That is:

to make everything so clear that a user knows exactly what they’re seeing and what they need to do, which in turn increases trust and conversion rates. 

If you’d like to hire me, and decrease your customers’ anxiety, just get in touch.

Case study: Albelli (2016-17)

At Albelli, a European e-commerce brand, I incrementally improved every product page to speak clearly to customer needs and get users as quickly as possible to where they wanted to go.

Photo printing product at Albelli
Above: By adding a button with clear text to the header, Albelli improved clickthrough and conversion.

In the case of Albelli, this is the app where users can create and buy a product: so we added clear buttons to every header.

Case study: the International Baccalaureate (2014)

As with Albelli, the International Baccalaureate (IB) needed to streamline its content to make it clear to users what to expect and how to perform the tasks they came to the website to do.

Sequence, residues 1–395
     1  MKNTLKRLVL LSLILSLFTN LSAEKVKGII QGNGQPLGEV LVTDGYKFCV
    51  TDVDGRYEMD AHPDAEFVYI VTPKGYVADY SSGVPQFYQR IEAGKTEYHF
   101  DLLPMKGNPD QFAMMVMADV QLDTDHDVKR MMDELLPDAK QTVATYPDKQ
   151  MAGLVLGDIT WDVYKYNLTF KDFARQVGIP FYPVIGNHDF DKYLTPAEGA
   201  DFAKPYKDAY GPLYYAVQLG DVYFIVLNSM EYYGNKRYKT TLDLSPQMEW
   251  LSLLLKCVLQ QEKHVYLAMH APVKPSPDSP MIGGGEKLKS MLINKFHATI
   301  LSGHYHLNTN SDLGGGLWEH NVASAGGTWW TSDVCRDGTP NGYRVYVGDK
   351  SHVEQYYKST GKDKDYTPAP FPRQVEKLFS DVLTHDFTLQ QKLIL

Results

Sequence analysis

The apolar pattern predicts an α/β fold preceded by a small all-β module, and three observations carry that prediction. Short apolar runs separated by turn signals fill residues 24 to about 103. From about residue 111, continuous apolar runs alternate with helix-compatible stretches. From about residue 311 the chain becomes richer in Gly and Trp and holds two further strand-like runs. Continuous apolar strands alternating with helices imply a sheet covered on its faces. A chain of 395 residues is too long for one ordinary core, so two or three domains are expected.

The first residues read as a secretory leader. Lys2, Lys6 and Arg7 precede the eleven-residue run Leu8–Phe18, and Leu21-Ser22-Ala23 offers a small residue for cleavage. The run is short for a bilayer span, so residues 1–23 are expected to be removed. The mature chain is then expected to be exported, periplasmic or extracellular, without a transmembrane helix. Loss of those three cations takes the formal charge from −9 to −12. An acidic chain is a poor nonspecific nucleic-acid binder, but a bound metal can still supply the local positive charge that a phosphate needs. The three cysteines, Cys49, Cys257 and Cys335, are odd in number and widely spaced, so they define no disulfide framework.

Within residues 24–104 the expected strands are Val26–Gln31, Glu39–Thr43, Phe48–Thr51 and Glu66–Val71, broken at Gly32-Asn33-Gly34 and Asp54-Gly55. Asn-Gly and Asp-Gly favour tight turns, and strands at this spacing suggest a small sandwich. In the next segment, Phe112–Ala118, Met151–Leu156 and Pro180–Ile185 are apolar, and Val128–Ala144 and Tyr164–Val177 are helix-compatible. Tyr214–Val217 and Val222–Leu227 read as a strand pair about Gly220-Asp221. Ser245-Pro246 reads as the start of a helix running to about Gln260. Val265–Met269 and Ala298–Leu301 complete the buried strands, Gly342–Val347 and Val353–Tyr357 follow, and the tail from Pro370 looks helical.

There are numerous examples of this at the IB website, which I’ve summarized in the work I did on the IB’s information architecture (IA).

About the IB screenshot
A large international organisation with many offices and functions, the IB needed to easily communicate what it stands for.

The best example of the work I did, from a writing perspective, is About the IB. Before December 2014, the IB’s ‘about’ content sent users down various paths with no explanation at all; I rewrote it to explain clearly and succinctly to new readers what the IB was, where it began, and what it does. (See an example of the content before December 2014).

Importantly, I linked to areas of the website that could generate revenue for the IB, mapped against clear goals developed in the IA project.